|Treasures under St. Peter’s||January 19, 2020|
|Genesis, session 2, Jan. 19, 2010||January 19, 2020|
|Second Sunday after the Epiphany, Year A||January 19, 2020|
|First Sunday after the Epiphany, Year A||January 12, 2020|
|Genesis Bible Study – Epiphany and Lent 2020||January 12, 2020|
|Genesis, session 1, Jan 12, 2020||January 12, 2020|
|Epiphany, Jan. 6, 2020||January 6, 2020|
|Videos, Epiphany, Jan. 6, 2020||January 6, 2020|
|Second Sunday after Christmas||January 5, 2020|
|Events that made a difference in 2019||December 31, 2019|
Title:Advent 4, Dec. 22, 2019
Advent 4, Year A, Dec. 22, 2019 – Baptism and Christmas Play (full size gallery)
Advent 4 is traditionally the Christmas Play. Here is a review of the past plays. We have pictures back to 1998 so it has been going on that long. It is kept fresh with each play written for that year though you can expect to see the usual characters – angels, shepherds and sheep. The play is original for the current congregation. The bulletin is here.
Most churches have Christmas plays featuring children which derive from morality plays during the Reformation colored by our current celebrations from the 19th century. However, St. Peter’s play is not just a play for children but the entire congregation. We had a congregation of 55 on sunny 2nd Day of Winter with seasonable temperatures.
This year we had a baptism prior to the play because the baby would star as Baby Jesus. Da’von ny’kese Townsel, son of Cornesha Howard and David Townsel was baptized.
The play takes place with the Trinity, God, Son, Holy Spirit looking down at the world. God sees the world as beautiful but the Holy Spirit laments “I’m having trouble getting through to people. They are barely able to catch their breaths, much less breathe deeply enough to take me in.” Jesus adds “And their hearts have turned to stone, impervious to love. They are busy hating on each other.” God adds his response – “They seem so distant and lost from us, and they’ve made a mess of our good creation “But….many people are praying for rescue. Holy Spirit: “I’ve noticed too, as I blow where I will on the earth, that not all hearts have turned to stone. Take Mary, for instance. What a kind heart she has, overflowing with love.”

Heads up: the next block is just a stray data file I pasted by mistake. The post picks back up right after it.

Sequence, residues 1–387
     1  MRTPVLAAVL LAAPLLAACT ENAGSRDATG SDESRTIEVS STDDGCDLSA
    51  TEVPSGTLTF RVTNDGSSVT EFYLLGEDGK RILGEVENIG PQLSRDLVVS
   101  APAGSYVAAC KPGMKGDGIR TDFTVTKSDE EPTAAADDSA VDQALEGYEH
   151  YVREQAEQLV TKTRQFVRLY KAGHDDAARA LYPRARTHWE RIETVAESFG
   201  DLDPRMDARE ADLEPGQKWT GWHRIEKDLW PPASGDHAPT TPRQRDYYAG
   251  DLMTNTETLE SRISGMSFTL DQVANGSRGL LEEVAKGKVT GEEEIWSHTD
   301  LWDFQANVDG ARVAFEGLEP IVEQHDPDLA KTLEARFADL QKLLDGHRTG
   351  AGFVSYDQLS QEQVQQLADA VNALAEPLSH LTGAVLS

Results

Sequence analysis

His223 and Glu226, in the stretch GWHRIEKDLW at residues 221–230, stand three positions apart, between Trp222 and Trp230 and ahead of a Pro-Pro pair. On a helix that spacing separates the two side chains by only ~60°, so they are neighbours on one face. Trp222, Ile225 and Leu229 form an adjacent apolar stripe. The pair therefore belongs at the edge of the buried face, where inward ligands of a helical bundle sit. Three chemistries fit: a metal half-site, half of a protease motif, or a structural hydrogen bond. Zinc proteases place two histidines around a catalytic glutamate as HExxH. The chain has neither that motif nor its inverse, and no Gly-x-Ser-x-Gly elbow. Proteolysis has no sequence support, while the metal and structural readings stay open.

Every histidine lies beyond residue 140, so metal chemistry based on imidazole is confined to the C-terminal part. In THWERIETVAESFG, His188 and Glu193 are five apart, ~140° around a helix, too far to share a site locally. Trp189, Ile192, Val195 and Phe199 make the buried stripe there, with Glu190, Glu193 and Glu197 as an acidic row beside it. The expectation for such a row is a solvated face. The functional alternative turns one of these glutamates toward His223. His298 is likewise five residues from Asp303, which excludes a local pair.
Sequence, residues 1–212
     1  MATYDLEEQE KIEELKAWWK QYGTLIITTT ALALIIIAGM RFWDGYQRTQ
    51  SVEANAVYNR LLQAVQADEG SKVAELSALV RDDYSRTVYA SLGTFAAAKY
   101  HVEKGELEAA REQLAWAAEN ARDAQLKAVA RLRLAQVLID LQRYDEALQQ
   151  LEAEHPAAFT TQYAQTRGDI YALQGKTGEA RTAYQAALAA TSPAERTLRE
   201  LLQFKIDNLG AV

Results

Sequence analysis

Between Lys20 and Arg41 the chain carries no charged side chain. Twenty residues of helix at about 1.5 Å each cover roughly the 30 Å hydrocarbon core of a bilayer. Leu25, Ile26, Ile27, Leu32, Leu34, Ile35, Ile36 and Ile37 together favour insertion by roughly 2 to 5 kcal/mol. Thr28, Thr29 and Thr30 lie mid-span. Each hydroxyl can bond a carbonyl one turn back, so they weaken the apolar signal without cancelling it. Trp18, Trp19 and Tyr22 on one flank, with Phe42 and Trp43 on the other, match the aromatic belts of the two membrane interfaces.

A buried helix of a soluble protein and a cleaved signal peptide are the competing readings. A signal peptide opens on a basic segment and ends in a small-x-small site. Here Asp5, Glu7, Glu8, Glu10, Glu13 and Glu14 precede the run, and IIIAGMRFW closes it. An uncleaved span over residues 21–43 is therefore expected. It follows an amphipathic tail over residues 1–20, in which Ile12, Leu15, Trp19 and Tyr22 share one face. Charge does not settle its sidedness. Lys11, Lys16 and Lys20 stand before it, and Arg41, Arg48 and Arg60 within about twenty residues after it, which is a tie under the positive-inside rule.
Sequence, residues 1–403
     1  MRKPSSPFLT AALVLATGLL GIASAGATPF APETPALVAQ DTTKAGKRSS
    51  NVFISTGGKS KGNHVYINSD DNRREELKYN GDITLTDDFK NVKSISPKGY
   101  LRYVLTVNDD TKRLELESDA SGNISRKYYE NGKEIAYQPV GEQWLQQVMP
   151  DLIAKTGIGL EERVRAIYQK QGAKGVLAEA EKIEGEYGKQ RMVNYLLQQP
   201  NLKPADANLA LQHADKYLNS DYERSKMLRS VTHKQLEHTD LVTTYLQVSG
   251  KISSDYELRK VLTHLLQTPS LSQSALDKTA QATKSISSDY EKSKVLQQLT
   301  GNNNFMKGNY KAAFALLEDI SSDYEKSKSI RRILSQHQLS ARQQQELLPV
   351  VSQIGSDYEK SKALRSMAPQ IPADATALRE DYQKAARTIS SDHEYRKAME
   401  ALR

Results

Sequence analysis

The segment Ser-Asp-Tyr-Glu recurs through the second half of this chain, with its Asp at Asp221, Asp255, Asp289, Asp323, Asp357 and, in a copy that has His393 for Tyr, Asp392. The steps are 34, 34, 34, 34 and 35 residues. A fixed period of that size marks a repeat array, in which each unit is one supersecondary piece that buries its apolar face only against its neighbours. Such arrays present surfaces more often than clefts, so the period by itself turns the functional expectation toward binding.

All three say together: “We will become one of them so that they can find their way back to us. ” The Christmas story is told with Gabriel, Mary, Joseph, Jesus, the three Wisemen and Herod.
The challenge of Christmas is to be able to bring this past, Christ born long ago, into the present and to keep it present. With the birth of Jesus, God invites us into the mystery and the joy and the wonder of something that happened long ago and yet is happening again for the first time, now and yet paradoxically is already present. Ironically, our mission is not to bring Christ to people, but to help people come to know and embrace Christ already present. That’s the point of our services this week.
David Lose, the president of Luther Seminary, writes of the embrace of Christ for this week – “God is joined to us fully and completely in the flesh of the birth of the Christ child and thereby takes on our life – our hopes and dreams, faults and sins, ups and downs – and gives us Christ’s own righteousness. The sins are ours, but Christ takes them on as if they were his; and while the righteousness is Christ’s, we now can make full use of it.”
Today’s readings explore the meaning of Emmanuel, God with us. In Isaiah, God gives reluctant Ahaz an astonishing sign of divine sovereignty: Emmanuel. Paul, in the opening words of his letter to the Romans, summarizes the rich meaning of Jesus, God among us. In today’s gospel, an angel persuades Joseph to welcome Mary and her holy, unborn Child into his home.
Matthew describes neither the event of Jesus’ conception nor of his birth, but rather the reactions and responses of others to these happenings. For Matthew, the significance of today’s gospel lies first in Jesus’ origin and second in Joseph’s actions.
The child’s name, Jesus, (the Greek form of the Hebrew name Joshua, meaning “Yahweh is salvation”) shows that “he will redeem Israel from all its iniquities” (Psalm 130:8). For the first of many times Matthew makes his announcement of fulfillment–the time of fulfillment is now begun in Jesus’ birth. The name “Emmanuel…God with us” (v. 23) is for Matthew a central statement of Jesus’ identity and his relationship to his people, the Church.
Joseph’s response to Jesus’ origin assures Jesus’ Davidic descent and thus his Messiahship. Betrothal was a binding promise to marriage, and although infidelity by the betrothed was punishable by death, the wronged husband could choose to quietly break the marriage by sending the betrothed back to her family. Yet Joseph was obedient to the lord’s command and took the crucial legal step of recognition by naming the child, thus making the necessary connection in the genealogy.